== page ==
(4th LD) S. Korea, U.S., Japan agree to ramp up joint efforts to counter N.K. missile threats
(ATTN: UPDATES with more details in paras 5, 21)
By Song Sang-ho
SINGAPORE, June 11 (Yonhap) -- The defense chiefs of South Korea, the United States and Japan agreed Saturday to step up cooperation to counter North Korea's missile threats through their combined regular security exercises, including missile warning drills, Seoul's defense ministry said.
Lee Jong-sup and his U.S. and Japanese counterparts, Lloyd Austin and Nobuo Kishi, reached the agreement during their gathering held on the margins of the annual Shangri-La Dialogue in Singapore.
The first in-person meeting since November 2019 of the regional powers' top defense officials followed a series of North Korean ballistic missile launches. Speculation has also abounded that Pyongyang has completed preparations for a nuclear test.
They "agreed to conduct the South Korea-U.S.-Japan missile warning and ballistic missile search and tracking exercises," the ministry said in a press release. It did not specify when the training programs will take place.
The three sides have held the missile warning and tracking exercises every quarter and biennially, respectively, -- or at irregular intervals. Since 2018, the trainings have proceeded in a low-key manner, apparently to support efforts to engage the North in dialogue.
Those programs are now expected to take place "more publicly," a source said, a move that could help send a stronger warning signal to the recalcitrant North.
Washington has been striving to bolster trilateral security cooperation despite longstanding stand-offs between Seoul and Tokyo, mainly stemming from Japan's 1910-45 colonization of Korea.
Lee drew a clear line between the South Korea-U.S. exercises, involving field troop maneuvers, and three-way ones.
"We should approach them in different ways," Lee told reporters.
Lee, Austin and Kishi also agreed to identify "additional" three-way steps to respond to the North's missile threats, the ministry said.
They pledged that their countries will work closely together for the shared goal of achieving the complete denuclearization and lasting peace on the Korean Peninsula, and reaffirmed the importance of the "full" implementation of U.N. Security Council resolutions on the North, the ministry said.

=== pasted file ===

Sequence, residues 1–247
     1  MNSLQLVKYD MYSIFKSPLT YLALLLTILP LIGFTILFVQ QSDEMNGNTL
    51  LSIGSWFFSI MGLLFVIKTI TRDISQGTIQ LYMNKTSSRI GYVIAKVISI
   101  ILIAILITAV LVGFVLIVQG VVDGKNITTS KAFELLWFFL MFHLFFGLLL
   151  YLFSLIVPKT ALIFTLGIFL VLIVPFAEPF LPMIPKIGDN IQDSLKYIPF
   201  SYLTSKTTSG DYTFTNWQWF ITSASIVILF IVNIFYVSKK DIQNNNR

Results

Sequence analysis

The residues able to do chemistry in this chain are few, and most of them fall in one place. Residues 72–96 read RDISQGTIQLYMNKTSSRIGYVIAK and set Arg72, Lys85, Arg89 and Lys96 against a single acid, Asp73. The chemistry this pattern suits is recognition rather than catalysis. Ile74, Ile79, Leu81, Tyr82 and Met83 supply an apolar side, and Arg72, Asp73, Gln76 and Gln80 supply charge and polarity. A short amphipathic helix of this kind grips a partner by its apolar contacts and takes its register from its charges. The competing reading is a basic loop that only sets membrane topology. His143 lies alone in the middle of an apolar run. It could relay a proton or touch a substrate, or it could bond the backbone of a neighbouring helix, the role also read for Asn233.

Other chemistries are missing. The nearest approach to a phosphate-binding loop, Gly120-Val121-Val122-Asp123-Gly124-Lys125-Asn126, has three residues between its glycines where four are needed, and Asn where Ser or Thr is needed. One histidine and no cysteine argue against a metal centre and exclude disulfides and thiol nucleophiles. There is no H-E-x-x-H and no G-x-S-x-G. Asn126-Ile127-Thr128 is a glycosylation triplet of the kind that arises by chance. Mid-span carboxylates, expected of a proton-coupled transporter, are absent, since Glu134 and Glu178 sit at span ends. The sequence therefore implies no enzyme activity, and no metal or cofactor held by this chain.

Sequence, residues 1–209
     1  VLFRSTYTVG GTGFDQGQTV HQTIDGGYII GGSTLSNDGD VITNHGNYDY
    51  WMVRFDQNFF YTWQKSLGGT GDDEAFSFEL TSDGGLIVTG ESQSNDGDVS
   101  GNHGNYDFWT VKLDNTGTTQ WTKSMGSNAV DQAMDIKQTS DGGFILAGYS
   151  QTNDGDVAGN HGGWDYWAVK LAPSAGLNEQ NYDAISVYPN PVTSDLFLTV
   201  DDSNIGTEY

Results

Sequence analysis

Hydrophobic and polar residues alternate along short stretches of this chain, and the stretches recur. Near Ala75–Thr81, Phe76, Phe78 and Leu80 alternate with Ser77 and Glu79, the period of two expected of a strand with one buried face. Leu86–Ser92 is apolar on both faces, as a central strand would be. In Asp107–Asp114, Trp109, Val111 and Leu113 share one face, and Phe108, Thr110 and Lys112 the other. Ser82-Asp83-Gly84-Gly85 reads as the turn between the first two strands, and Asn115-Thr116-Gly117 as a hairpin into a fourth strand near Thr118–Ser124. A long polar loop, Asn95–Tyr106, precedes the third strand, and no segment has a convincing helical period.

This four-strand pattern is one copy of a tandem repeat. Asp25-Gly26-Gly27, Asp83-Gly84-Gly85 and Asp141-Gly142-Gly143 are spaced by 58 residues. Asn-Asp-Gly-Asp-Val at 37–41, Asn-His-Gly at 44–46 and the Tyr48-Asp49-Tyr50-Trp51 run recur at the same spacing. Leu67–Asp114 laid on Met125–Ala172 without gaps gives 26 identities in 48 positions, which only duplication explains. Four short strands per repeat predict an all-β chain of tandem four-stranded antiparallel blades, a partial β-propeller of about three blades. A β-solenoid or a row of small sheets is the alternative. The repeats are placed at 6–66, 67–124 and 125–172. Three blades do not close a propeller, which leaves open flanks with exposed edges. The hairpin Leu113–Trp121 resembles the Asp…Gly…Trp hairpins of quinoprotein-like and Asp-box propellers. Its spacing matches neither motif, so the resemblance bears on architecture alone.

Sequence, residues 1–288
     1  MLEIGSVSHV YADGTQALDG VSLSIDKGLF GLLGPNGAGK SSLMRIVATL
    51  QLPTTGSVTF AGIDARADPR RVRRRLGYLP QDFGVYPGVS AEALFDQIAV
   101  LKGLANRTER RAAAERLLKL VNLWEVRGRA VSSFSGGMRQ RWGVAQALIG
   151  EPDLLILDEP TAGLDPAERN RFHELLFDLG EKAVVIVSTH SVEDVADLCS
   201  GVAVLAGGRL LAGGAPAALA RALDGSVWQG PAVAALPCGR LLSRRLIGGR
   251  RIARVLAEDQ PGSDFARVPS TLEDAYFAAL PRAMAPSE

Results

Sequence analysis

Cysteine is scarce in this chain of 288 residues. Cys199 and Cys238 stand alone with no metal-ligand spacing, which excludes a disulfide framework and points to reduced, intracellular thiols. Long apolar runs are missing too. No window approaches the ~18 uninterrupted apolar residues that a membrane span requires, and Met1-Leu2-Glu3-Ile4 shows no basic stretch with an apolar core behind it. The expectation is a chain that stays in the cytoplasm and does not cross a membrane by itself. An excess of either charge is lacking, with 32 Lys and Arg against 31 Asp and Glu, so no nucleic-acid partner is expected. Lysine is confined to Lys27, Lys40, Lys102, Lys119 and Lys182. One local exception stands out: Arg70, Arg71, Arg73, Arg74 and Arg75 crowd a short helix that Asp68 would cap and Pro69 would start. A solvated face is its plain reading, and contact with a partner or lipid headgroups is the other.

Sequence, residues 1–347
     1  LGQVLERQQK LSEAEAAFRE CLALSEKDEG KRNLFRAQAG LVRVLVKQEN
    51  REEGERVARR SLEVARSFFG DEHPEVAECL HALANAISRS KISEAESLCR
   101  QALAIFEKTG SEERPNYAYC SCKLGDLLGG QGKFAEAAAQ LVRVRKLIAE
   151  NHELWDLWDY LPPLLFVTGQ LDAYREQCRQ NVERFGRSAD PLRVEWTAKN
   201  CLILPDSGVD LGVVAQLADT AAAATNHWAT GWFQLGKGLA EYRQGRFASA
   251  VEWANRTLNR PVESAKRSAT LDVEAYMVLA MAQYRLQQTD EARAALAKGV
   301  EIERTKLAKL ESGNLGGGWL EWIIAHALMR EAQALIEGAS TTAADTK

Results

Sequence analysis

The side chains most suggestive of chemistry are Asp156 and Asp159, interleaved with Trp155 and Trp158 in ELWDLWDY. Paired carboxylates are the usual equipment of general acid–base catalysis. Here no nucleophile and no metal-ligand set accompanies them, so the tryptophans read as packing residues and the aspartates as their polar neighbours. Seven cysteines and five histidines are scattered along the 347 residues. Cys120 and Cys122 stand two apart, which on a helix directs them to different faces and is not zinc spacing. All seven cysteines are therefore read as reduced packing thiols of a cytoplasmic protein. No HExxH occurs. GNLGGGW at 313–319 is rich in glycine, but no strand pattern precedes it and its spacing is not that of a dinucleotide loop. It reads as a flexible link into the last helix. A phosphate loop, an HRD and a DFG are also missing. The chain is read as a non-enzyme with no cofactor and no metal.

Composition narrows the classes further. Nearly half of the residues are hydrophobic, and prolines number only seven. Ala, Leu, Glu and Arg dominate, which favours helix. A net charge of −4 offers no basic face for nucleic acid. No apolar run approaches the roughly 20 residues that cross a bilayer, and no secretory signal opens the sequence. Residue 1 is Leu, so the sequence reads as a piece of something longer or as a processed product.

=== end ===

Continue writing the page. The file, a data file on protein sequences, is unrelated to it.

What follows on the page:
"The three underscored the importance of continued international cooperation with the goal of deterring, disrupting and ultimately eliminating the North's illicit ship-to-ship transfers," the ministry said.
The three defense chiefs also sent an apparent message to China.
"The three expressed strong opposition to any unilateral acts that change the status quo and heighten regional tension," the ministry said. "The three underscored the importance of peace and stability in the Taiwan Strait."
Prior to the trilateral session, Lee and Austin met bilaterally and discussed joint deterrence to counter North Korean threats.
"Basically, we discussed various ways to increase the enforceability of extended deterrence," Lee told reporters after the talks without elaboration.
Extended deterrence refers to America's stated commitment to mobilizing a full range of its military capabilities, including nuclear options, to defend its ally.
Austin stressed Washington's determination to offer extended deterrence involving the whole range of its military capabilities, including nuclear, conventional and missile defense capabilities, according to Seoul's defense ministry.
Lee and Austin also reiterated the two countries' commitment to expanding the scope and scale of combined military exercises and training as agreed upon during last month's summit between President Yoon Suk-yeol and his U.S. counterpart, Joe Biden.
Lee used the talks to stress the importance of joint efforts to reactivate the two countries' Extended Deterrence Strategy and Consultation Group, hold tabletop exercises on the use of deterrence assets and deploy U.S. strategic military assets in a coordinated, timely manner, according to the ministry.
The two sides also touched on the Ukraine issue. Austin mentioned Ukraine's shortage of weapons while thanking Seoul for sending aid to the war-torn country and for participating in enforcement of sanctions on Russia, a Seoul official told reporters.
Saturday's meeting marked the first face-to-face talks between Lee and Austin since Lee took office last month.
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